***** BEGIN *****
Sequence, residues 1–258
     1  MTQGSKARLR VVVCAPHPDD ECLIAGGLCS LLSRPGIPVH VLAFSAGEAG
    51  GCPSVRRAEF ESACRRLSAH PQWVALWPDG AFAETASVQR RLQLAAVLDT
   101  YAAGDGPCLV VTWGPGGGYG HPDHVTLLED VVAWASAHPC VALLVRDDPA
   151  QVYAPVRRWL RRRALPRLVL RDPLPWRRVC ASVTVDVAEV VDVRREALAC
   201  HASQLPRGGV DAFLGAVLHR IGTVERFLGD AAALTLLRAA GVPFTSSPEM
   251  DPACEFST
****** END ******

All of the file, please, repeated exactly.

Sequence, residues 1–258
     1  MTQGSKARLR VVVCAPHPDD ECLIAGGLCS LLSRPGIPVH VLAFSAGEAG
    51  GCPSVRRAEF ESACRRLSAH PQWVALWPDG AFAETASVQR RLQLAAVLDT
   101  YAAGDGPCLV VTWGPGGGYG HPDHVTLLED VVAWASAHPC VALLVRDDPA
   151  QVYAPVRRWL RRRALPRLVL RDPLPWRRVC ASVTVDVAEV VDVRREALAC
   201  HASQLPRGGV DAFLGAVLHR IGTVERFLGD AAALTLLRAA GVPFTSSPEM
   251  DPACEFST